November 14, 2005
Jefferson City, Mo. — Under pressure from Missouri and other states, money-transfer giant Western Union Financial Services Inc. has agreed to help reduce fraud in the wire-transfer industry. Attorney General Jay Nixon today announced a 47-state settlement in which Western Union will begin educating consumers, including its own customers, that wire transfers are often sent by victims of scams.
Nixon and attorneys general from across the country confronted Western Union, insisting more be done to spot fraudulent wire transfers and alert customers to the warning signs. Victims of foreign-lottery scams, Nigerian-letter fraud and other scams are often induced to send money to criminals using wire transfers. One survey suggests 58 percent of all money wired through Western Union from the U.S. to Canada is fraud-induced. Total American consumer losses to Canada in 2002 alone are estimated at $113 million.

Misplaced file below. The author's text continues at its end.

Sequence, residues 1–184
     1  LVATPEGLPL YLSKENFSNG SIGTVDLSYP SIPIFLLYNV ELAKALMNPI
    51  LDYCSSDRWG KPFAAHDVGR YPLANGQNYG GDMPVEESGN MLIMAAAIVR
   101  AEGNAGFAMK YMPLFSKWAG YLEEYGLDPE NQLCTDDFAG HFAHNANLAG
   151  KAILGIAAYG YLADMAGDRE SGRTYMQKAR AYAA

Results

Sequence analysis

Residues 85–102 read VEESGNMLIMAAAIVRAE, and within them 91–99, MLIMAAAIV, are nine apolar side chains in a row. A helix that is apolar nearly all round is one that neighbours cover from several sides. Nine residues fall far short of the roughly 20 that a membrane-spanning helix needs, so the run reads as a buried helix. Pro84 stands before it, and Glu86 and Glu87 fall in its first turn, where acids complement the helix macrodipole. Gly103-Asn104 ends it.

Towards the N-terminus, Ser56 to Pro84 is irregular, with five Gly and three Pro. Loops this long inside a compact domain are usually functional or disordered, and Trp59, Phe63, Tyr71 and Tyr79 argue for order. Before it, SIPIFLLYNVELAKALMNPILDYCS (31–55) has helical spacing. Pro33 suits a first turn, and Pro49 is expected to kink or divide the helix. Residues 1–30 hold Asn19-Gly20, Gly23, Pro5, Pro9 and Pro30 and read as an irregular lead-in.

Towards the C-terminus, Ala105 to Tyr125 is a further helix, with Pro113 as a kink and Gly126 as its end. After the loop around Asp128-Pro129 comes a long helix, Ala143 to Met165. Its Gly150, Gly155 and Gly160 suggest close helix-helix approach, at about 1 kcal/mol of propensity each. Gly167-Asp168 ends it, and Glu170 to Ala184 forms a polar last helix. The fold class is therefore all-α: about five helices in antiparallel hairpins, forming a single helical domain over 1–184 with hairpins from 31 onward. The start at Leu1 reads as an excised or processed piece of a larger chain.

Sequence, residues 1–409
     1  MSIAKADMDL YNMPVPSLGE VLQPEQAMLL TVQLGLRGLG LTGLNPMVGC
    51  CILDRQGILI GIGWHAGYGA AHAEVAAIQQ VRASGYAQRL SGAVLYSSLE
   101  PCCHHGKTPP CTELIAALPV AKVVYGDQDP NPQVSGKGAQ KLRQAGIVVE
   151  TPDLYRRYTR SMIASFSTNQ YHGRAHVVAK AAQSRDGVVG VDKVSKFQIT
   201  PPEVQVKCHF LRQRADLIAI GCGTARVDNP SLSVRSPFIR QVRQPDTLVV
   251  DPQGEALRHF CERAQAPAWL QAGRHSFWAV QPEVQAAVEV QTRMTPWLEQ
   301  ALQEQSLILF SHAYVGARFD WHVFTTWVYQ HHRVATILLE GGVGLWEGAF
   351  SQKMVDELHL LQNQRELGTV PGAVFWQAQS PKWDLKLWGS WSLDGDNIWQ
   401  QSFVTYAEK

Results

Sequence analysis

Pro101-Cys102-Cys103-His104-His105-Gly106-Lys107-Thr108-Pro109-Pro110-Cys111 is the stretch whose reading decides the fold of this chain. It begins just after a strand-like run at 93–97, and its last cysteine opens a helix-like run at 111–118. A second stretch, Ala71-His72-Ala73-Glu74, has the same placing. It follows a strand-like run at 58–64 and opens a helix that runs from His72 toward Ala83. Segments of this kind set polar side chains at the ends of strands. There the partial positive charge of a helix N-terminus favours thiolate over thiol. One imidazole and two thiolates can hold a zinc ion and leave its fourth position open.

"While Western Union can't stop anyone from sending money to a con artist, it certainly has the ability to recognize a suspicious wire transfer and encourage its customers to reconsider," Nixon said. "Scammers are convincing too many Missourians, especially seniors, to wire them money using outlets like Western Union."
Under the settlement, Western Union agrees to:
Missouri and 46 other states plus the District of Columbia were part of the settlement, which takes effect immediately. Missourians can report wire-transfer scams by calling Attorney General Nixon's Consumer Protection Hotline at 1-800-392-8222 or by completing a Consumer Complaint Form and mailing it to the Attorney General's Office.